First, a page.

2. THE PROPER CONCEPTION OF THIS RELATION. Strange to say, the same Catholic author says: “Eschatology is the crown and capstone of dogmatic theology,” which is perfectly correct. It is the one locus of theology, in which all the other loci must come to a head, to a final conclusion. Dr. Kuyper correctly points out that every other locus left some question unanswered, to which eschatology should supply the answer. In theology it is the question, how God is finally perfectly glorified in the work of His hands, and how the counsel of God is fully realized; in anthropology, the question, how the disrupting influence of sin is completely overcome; in christology, the question, how the work of Christ is crowned with perfect victory; in soteriology, the question, how the work of the Holy Spirit at last issues in the complete redemption and glorification of the people of God; and in ecclesiology, the question of the final apotheosis of the Church. All these questions must find their answer in the last locus of dogmatics, making it the real capstone of dogmatic theology. Haering testifies to the same fact when he says: “As a matter of fact it (eschatology) does shed a clear light upon every single section of doctrine. Is the universality of God’s saving plan, is personal communion with a personal God asserted without reserve, is the permanent significance of the Redeemer upheld, is forgiveness of sin conceived as one with victory over the power of sin — on these points the eschatology must remove all doubt, even when indefinite statements which have been made in the preceding parts could not at once be recognized as such. Nor is it difficult to discover the reason of this. In the doctrine of the last things, the communion between God and man is set forth as completed, and therefore the idea of our religion, the Christian principle, is presented in its purity; not, however, as a mere idea in the sense of an ideal which is never completely realized, but as perfect reality — and it is clear what difficulties are implied in that. It must therefore appear at last, in the presentment of eschatology, if not sooner, whether the reality of this communion with God has received its unrestricted due.”[The Christian Faith, p. 831.]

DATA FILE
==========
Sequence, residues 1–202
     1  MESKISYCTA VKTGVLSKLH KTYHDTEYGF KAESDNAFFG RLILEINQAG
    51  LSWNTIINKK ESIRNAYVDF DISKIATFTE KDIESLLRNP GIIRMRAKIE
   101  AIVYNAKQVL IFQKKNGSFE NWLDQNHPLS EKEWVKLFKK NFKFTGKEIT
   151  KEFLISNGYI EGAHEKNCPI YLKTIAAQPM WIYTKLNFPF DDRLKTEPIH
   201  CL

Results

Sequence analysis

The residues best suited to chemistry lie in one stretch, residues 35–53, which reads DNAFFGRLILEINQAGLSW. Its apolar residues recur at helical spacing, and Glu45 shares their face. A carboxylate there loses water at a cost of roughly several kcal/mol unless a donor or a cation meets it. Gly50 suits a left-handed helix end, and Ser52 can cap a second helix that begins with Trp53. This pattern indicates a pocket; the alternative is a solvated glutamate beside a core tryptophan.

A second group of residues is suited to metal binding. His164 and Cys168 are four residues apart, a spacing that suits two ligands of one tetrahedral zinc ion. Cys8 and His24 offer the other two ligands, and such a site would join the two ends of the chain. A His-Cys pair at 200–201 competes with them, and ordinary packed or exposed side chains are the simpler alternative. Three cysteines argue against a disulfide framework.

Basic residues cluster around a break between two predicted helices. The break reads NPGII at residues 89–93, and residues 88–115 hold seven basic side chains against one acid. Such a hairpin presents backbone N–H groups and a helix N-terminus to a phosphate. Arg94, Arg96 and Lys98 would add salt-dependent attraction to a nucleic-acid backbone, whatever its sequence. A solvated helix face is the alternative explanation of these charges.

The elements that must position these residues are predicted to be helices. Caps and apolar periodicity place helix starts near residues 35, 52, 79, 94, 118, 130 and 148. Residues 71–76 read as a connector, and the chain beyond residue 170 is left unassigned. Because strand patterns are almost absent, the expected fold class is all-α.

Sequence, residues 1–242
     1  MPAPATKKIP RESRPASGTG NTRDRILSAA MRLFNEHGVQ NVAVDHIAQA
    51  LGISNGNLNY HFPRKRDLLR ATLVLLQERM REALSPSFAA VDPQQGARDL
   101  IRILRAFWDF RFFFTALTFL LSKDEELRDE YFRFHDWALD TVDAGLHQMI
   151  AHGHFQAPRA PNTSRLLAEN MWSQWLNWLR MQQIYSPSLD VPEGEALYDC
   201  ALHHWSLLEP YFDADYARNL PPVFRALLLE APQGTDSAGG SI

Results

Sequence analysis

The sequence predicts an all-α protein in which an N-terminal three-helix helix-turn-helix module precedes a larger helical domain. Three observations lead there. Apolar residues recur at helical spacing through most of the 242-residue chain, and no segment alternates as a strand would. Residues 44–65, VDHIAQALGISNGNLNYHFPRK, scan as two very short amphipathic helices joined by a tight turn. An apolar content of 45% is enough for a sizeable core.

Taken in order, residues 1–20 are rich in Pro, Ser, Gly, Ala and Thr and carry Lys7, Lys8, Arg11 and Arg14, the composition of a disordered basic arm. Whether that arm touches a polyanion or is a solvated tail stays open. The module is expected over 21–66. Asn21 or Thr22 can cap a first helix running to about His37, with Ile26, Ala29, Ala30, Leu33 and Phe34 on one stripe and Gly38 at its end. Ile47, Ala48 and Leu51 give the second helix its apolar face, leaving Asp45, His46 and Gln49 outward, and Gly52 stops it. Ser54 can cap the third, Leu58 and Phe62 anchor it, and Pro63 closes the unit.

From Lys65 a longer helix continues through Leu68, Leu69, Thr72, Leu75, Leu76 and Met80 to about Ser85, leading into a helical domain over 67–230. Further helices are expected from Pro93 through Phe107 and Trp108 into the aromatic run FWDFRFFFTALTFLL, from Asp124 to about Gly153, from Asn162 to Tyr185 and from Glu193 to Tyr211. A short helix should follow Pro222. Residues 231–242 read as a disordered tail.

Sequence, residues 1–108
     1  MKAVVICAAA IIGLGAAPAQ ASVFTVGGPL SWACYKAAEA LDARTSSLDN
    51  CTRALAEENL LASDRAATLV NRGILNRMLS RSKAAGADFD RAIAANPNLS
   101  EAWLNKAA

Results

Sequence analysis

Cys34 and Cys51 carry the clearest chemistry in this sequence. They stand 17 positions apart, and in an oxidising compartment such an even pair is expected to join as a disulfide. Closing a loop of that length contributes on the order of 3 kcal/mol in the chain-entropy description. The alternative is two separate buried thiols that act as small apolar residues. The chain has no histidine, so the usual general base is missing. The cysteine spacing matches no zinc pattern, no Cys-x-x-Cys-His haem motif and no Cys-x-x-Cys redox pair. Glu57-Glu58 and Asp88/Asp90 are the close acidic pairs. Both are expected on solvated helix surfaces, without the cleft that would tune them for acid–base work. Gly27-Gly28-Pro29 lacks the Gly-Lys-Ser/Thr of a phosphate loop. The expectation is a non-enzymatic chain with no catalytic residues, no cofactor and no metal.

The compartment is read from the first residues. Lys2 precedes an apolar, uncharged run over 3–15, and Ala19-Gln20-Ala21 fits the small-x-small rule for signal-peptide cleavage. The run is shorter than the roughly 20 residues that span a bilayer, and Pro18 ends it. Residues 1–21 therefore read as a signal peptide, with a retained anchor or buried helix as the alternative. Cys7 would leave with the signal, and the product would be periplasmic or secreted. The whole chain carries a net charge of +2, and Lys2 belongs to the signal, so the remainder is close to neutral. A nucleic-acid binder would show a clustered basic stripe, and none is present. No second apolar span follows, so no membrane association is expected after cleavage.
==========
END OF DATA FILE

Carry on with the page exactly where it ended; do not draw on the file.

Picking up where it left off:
Various names have been applied to the last locus of dogmatics, of which de Novissimis or Eschatology is the most common. Kuyper uses the term Consummatione Saeculi. The name “eschatology” is based on those passages of Scripture that speak of “the last days (eschatai hemerai), Is. 2:2; Mic. 4:1, “the last time “ (eschatos ton chronon), I Pet. 1:20, and “the last hour,” (eschate hora), I John 2:18. It is true that these expressions sometimes refer to the whole New Testament dispensation, but even so they embody an eschatological idea. Old Testament prophecy distinguishes only two periods, namely, “this age” (olam hazzeh, Gr. aion houtos), and “the coming age” (ollam habba’, Gr. aion mellon). Since the prophets represent the coming of the Messiah and the end of the world as coinciding, the “last days” are the days immediately preceding both the coming of the Messiah and the end of the world. They nowhere draw a clear line of distinction between a first and a second coming of the Messiah. In the New Testament, however, it becomes perfectly evident, that the coming of the Messiah is twofold, and that the Messianic age includes two stages, the present Messianic age and the future consummation. Consequently, the New Testament dispensation may be regarded under two different aspects. If the attention is fixed on the future coming of the Lord, and all that precedes it is considered as belonging to “this age,” then New Testament believers are regarded as living on the eve of that important event, the Lord’s return in glory and the final consummation. If, on the other hand, the attention is centered on the first coming of Christ, it is natural to consider the believers of this dispensation as already, though only in principle, living in the future age. This representation of their condition is not uncommon in the New Testament. The Kingdom of God is already present, eternal life is realized in principle, the Spirit is the earnest of the heavenly inheritance, and believers are already seated with Christ in heavenly places. But while some of the eschatological realities are thus projected into the present, they are not fully realized until the time of the future consummation. And when we speak of “eschatology,” we have in mind more particularly the facts and events that are connected with the second coming of Christ, and that will mark the end of the present dispensation and will usher in the eternal glories of the future.